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Math Help - Abstract Algebra - Primitive Roots for Polynomials

  1. #1
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    Abstract Algebra - Primitive Roots for Polynomials

    The field GF(8) of 8 elements can be thought of as consisting of elements of the form a*x^2 + bx + c, where a, b, c ∈ Z2.

    (Thus, all coefficients are simplified mod 2.)

    Moreover, x^3 = x + 1.


    (a) Compute (x^2 + x + 1) + (x^2 + 1), simplifying your answer to the form a*x^2 + bx + c for a, b, c ∈ Z2.


    (b) Compute (x^2 + 1) * (x + 1), simplifying your answer to the form a*x^2 + bx + c for a, b, c ∈ Z2.


    (c) Show that x is a primitive root by computing the powers x^k for k = 3,4, . . .7, simplifying your answers to the form a*x^2 + bx + c for a, b, c ∈ Z2. (This shows that <x> is cyclic of order 7.)


    (d) Compute (x^2 + 1)−1, simplifying your answer to the form a*x^2 + bx + c for a, b, c ∈ Z2. (Hint: Use the result of (c) to represent x^2 + 1 as a power of x. Then simplify (x^2 + 1)−1 using rules for powers, then look up the answer using the computation you did in (c).)


    Remark. You can use the ax2 + bx + c to add elements of GF(8), because itís just a matter of adding coefficients and reducing mod 2. On the other hand, you can multiply elements by representing them as powers of x and using rules for powers, translating back to ax2 + bx + c by using (c) if needed.

    This is what I have so far:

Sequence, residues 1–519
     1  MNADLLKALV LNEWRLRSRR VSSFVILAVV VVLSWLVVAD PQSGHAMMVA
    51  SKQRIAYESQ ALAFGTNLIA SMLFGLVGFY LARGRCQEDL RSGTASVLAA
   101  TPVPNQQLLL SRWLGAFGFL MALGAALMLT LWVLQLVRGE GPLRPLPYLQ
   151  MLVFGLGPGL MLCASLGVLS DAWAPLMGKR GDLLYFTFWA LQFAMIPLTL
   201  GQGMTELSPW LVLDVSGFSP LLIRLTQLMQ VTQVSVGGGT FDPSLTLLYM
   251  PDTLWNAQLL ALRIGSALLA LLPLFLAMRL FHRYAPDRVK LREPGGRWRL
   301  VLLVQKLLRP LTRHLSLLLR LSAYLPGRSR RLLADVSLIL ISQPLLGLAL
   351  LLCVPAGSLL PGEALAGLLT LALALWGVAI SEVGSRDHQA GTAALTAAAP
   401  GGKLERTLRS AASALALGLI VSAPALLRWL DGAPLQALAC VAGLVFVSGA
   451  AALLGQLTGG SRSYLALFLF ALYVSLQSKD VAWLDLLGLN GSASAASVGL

(a) (x^2 + x + 1) + (x^2 + 1) = 2x^2 + x + 2 = x

    (b) (x^2 + 1) * (x + 1) = x^3 + x^2 + x + 1 = (x + 1) + x^2 + x + 1 = x^2 + 2x + 2 = x^2

    Then for part (c) I get lost about how to show that x is a primitive root.
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  2. #2
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    Re: Abstract Algebra - Primitive Roots for Polynomials

    Actually I figured out part c. This is what I have:

    x^3 = x + 1

    x^4 = x*x^3 = x*(x + 1) = x^2 + x

    x^5 = x*x^4 = x*(x^2 + x) = x^3 + x^2 = x^2 + x + 1

    x^6 = x*x^5 = x*(x^2 + x + 1) = x^3 + x^2 + x = (x + 1) + x^2 + x = x^2 + 2x + 1 = x^2 + 1

    x^7 = x*x^6 = x*(x^2 + 1) = x^3 + x = (x + 1) + x = 2x + 1 = 1

    So,

    <x> = { x + 1, x^2 + x, x^2 + x + 1, x^2 + 1, 1 }
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  3. #3
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    Re: Abstract Algebra - Primitive Roots for Polynomials

    $x^3 = x+1$

    $x^4 = x\cdot x^3 = x(x+1) = x^2+x$

    $x^5 = x\cdot x^4 = x(x^2+x) = x^3+x^2 = x^2+x+1$

    $x^6 = x\cdot x^5 = x(x^2+x+1) = x^3+x^2+x = x^2+1$

    $x^7 = x\cdot x^6 = x(x^2+1) = x^3+x = 1$

    Hence, $x^8 = x$.

    Thus, ${<x>} = \{1,x,x^2,x+1,x^2+x,x^2+x+1,x^2+1\}$
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  4. #4
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    Re: Abstract Algebra - Primitive Roots for Polynomials

    For part (d) would this be correct:

    (x^2 + 1)^(-1) = (x^6)^(-1) = x^(-6) = x^0 (mod 2) = 1
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  5. #5
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    Re: Abstract Algebra - Primitive Roots for Polynomials

    Quote Originally Posted by AwesomeHedgehog View Post
    For part (d) would this be correct:

    (x^2 + 1)^(-1) = (x^6)^(-1) = x^(-6) = x^0 (mod 2) = 1
    No, that is not correct.

    $1 = x^7 = x^6\cdot x$

    Multiplying both sides by $x^{-6}$ on the left gives $x^{-6}\cdot 1 = x^{-6}\cdot x^6\cdot x = 1\cdot x = x$. So, $x^{-6} = x$.
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